U.S. Fiscal Stimulus Raising Risks to Global Economy: IMF

U.S. tax cuts and public-spending hikes are increasing risks to the global economy by boosting debt, potentially stoking inflation and pushing the dollar higher, the International Monetary Fund warned.

Fiscal stimulus backed by the Trump administration and the Republican-controlled Congress will give a short-term boost to the U.S. and many of its trading partners, the IMF staff said in a statement Thursday on its annual checkup of the U.S. economy. However, adding fiscal measures at a time when the economy is growing “will elevate the risks to the U.S. and the global economy,” said the Washington-based fund.

The loosening of the purse strings in Washington raises the risk of an “inflation surprise” for markets, the IMF warned, adding a rapid rise in price pressures would force the Federal Reserve to hike interest rates faster than expected. The IMF, which last week announced a record $50 billion loan program for Argentina, said it’s seeing signs that U.S. fiscal policy may be causing capital flight from emerging markets.

‘Getting Darker’

The warning comes amid the strongest global upswing in seven years. While the fund sees global growth accelerating in 2018, it has predicted momentum will ebb in coming years as central banks raise rates and the effects of the U.S. fiscal stimulus fade.

IMF Managing Director Christine Lagarde warned this week that clouds over the world economy are “getting darker by the day.” Her remarks followed a chaotic Group of Seven summit in which President Donald Trump revoked support for a joint statement disavowing protectionism.

The near-term outlook for the U.S. economy is strong, the IMF said, noting that unemployment is near levels not seen since the 1960s. The U.S. is probably already past so-called full employment, but wages and prices are expected to increase at a “slow but steady” rate, it said.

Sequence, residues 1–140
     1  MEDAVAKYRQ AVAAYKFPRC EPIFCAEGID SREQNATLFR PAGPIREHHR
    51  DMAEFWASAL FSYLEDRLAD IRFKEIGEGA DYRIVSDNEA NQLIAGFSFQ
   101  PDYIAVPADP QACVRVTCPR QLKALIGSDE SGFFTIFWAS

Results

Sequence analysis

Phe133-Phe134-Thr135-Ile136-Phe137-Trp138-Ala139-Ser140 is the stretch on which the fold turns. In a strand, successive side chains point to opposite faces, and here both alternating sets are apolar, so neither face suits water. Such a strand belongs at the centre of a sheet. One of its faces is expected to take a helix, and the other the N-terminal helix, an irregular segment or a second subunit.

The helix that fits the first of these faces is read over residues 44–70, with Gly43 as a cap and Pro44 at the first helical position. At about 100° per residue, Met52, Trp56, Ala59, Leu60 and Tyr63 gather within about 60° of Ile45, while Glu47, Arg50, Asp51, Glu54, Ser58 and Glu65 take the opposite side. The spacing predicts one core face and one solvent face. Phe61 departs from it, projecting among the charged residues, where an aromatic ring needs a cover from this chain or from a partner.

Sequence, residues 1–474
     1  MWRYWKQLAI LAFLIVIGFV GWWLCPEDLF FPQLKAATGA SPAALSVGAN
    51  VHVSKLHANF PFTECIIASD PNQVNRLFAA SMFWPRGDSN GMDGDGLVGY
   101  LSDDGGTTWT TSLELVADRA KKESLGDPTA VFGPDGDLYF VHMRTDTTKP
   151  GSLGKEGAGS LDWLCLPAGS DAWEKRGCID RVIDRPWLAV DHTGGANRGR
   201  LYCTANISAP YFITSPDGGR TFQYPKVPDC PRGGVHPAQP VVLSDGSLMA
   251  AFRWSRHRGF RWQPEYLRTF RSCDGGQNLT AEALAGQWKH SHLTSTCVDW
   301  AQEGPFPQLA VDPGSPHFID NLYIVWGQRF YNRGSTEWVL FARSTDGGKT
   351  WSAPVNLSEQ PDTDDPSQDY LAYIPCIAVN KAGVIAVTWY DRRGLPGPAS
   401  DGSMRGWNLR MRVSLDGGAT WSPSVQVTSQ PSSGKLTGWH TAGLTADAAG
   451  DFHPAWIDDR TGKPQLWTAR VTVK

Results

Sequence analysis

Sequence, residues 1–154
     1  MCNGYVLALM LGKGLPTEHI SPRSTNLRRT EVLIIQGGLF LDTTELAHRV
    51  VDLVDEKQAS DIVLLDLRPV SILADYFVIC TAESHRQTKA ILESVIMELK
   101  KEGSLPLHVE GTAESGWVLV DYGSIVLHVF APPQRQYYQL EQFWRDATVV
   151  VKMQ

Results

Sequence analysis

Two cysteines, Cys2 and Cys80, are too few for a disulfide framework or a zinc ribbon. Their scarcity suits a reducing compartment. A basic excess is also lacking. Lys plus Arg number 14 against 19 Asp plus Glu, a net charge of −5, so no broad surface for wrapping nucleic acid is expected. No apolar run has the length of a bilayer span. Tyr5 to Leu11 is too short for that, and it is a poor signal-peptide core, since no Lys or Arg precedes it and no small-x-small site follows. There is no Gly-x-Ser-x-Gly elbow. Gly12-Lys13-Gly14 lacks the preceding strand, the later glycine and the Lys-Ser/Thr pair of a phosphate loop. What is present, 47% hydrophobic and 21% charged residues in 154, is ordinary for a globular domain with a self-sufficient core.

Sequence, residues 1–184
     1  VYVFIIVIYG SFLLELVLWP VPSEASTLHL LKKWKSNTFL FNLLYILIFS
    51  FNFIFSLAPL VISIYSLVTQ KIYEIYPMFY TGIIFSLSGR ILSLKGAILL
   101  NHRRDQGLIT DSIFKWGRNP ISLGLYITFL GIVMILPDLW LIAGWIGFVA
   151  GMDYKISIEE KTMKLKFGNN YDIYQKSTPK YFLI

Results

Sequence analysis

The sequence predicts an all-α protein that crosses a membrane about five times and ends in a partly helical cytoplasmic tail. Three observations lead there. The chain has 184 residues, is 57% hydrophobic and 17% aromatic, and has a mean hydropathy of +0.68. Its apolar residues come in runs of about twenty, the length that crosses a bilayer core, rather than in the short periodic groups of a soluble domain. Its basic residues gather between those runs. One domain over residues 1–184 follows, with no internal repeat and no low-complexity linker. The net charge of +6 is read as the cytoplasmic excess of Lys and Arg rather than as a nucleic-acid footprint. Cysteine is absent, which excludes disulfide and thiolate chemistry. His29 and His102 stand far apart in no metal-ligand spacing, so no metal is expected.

U.S. Pushes Back

The U.S. Treasury said in a statement that it shared the fund’s short-term assessment of the U.S. economic outlook, but “we differ significantly on the medium and long term projections.”

U.S. cuts to corporate and personal income taxes worth $1.5 trillion took effect in January, while Congress passed $300 billion in federal spending increases in February. The government stimulus will raise the U.S. budget deficit to more than 4.5 percent of gross domestic product by next year, the IMF said.

The Trump administration plans to gradually tighten spending in 2020. But there’s a risk the U.S. could fall into recession, the IMF warned, since the Fed is likely to be raising borrowing rates at the same time.

In light of the fiscal stimulus, the Fed “will need to raise policy rates at a faster pace” to achieve its dual mandate of delivering sustainable employment and containing inflation, the IMF said. The Fed “should be ready to accept some modest, temporary overshooting of its medium-term inflation goal,” according to the fund.

The IMF praised several aspects of the tax cuts, saying lower corporate rates will stimulate investment. However, it said that, on a net basis, the tax changes give greater benefits to people in the highest income classes.

“These changes are likely to exacerbate income polarization and will do little to address the pressing needs of the working poor,” the IMF said.

(Adds reaction from U.S. Treasury in sixth paragraph.)

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